If you ever thought that Honda's long tradition of commitment to rider training and environmental education couldn't get any stronger, think again. In late October, the company's Rider Education Center (REC) located just north of Atlanta in Alpharetta, Georgia held a grand opening for its newly completed Environmental Learning Center (ELC). This is the second such project for Honda; in October, 2004, Honda's Colton, California REC opened the first-ever ELC. The two centers share identical goals: to provide a state-of-the-art off-highway-vehicle training facility, environmental education for the community and a model for OHV recreation facilities in urban park settings.
Honda's Alpharetta ELC consists of 5.5 forested acres that flank the side and rear of the existing 3-acre, 14-year-old street, dirt and ATV training facility. The ELC addition is designed to simultaneously teach real-world off-road riding techniques and environmentally responsible rider ethics to beginners and experienced riders alike.
"We hope that by teaching people how to ride in a natural setting, we will instill in them a sense of how to leave a riding area just as they found it," says Rider Education Center Administrator Don Wilson.
In geographic terms, the Alpharetta REC is located in the Piedmont area between the Blue Ridge Mountains and the Upper Coastal Plain. Dotted with small mountains, most of the region is characterized by rolling hills, rivers, ravines, and red Georgia clay. With an average annual rainfall of over 54 inches, many varieties of lush vegetation abound in the region.
When the Alpharetta Rider Education Center first opened in 1990, Honda offered rider training for street and off-road motorcyclists and ATV riders. It wasn't long before the wooded areas adjacent to the off-road training range were developed to teach off-road riders intermediate riding skills. To further develop this area into an environmental classroom, Honda enlisted the aid of several environmental experts for the ELC project.
"We worked closely with the city of Alpharetta's environmentalists to ensure that the project itself had no environmental impact," Wilson says. "It was a tremendous learning experience." He points to a nearby American Beech tree. "It's rare to see a beech so large, but that one is sitting on the bank of a small stream, so it always has plenty of water. We were careful to build our trail systems in a way that will not deter its growth or affect the water quality of the stream."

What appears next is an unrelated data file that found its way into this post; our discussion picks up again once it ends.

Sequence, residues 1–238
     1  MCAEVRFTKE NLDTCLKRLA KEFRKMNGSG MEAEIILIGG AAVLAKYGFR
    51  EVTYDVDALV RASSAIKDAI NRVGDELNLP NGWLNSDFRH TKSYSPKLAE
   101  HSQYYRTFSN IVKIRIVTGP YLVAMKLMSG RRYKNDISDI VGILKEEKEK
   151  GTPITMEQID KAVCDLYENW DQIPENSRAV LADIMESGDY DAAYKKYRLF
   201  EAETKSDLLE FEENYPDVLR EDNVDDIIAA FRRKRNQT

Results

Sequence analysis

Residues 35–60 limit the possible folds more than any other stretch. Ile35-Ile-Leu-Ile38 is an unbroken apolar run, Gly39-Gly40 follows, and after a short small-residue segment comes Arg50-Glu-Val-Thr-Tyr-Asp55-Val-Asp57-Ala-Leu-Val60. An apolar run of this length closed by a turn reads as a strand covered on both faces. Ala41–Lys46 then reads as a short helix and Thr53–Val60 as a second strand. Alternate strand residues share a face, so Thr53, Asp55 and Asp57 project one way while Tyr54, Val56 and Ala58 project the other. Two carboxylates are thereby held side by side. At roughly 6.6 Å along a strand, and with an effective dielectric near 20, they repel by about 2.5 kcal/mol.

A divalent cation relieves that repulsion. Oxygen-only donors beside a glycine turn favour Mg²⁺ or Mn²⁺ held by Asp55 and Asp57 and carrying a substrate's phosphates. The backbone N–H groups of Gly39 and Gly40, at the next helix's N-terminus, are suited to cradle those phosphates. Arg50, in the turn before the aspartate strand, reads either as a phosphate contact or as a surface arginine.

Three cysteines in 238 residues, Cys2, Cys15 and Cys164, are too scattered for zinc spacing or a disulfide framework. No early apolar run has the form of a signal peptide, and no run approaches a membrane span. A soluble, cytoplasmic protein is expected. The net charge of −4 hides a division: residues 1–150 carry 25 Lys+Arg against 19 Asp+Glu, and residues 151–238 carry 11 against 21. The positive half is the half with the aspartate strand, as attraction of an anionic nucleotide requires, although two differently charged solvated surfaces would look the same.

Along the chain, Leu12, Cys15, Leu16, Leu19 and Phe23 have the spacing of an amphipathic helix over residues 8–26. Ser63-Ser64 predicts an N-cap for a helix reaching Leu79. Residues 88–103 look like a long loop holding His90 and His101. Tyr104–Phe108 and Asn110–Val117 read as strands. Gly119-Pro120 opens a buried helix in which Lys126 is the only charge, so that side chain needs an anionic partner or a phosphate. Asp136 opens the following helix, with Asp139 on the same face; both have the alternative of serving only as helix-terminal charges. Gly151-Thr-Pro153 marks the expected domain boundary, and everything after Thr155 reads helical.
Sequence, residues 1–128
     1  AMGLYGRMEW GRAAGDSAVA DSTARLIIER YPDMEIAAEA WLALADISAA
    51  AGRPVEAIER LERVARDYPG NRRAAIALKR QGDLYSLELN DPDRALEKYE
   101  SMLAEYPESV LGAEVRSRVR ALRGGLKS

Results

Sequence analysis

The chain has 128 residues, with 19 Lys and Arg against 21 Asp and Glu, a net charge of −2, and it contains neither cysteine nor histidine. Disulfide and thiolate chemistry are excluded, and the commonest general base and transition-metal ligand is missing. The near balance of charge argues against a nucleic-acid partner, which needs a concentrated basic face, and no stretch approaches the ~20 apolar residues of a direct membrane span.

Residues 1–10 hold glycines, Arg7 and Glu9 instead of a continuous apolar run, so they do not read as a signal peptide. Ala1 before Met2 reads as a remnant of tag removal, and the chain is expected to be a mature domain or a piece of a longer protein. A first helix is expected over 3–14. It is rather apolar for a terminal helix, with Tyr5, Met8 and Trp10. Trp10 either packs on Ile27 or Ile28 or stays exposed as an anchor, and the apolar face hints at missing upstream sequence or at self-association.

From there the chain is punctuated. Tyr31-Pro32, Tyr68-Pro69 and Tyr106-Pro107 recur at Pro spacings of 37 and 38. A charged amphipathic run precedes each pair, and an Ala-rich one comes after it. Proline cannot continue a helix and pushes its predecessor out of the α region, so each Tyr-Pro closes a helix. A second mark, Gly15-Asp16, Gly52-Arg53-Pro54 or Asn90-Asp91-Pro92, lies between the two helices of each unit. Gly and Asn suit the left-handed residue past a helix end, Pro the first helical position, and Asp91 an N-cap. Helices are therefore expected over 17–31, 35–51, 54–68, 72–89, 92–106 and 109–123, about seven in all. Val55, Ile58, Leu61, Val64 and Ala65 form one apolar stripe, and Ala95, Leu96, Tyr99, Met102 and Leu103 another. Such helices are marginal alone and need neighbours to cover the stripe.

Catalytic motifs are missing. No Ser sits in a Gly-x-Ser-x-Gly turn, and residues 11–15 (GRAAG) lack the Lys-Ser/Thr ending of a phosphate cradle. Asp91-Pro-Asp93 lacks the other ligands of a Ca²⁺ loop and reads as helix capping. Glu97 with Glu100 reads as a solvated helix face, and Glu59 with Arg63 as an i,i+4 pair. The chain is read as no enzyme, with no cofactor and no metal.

To create an ideal training environment for off-road and ATV riders, Honda followed proven U.S. Forest Service trail building practices to construct a number of training stations that mimic real-world riding scenarios. The trail head features a covered wooden pavilion that serves as an outdoor classroom. Once on the 1.2-mile trail, riding coaches instruct the riders how to navigate common challenges, including wet and dry rock beds, step-ups, a sand pit, rolling whoops, a bridge, inclines and descents. A bypass at each station enables less experienced riders to opt out of the exercise.
Wilson is quick to point out that the new center is not exclusively for motorcyclists and ATV riders. In fact, quite the opposite, as a number of non-riding projects have already been completed on the property. Four bluebird houses have been erected, and posters have been placed in an outdoor kiosk to enable visitors to identify native vegetation and birds. Wilson has even found a local beekeeper who is interested in developing an apiary education program, and plans are underway for the construction of a soil window-a see-through panel crosscut into the soil and covered by doors that can be opened briefly to view subterranean life.
Youth groups planning to visit the ELC include Boy Scouts, Girl Scouts, elementary school classes, and local PALs (police activity leagues for at-risk youth). "We are committed to educating everyone about the responsible use of outdoor areas, and look forward to hosting a variety of groups from this community and beyond," Wilson says.
What's next for the industry's education and environmental leader? Honda has already begun to construct an ELC addition at its Rider Education Center in Irving, (Dallas) Texas, and has plans for its fourth ELC addition at its REC in Troy, Ohio.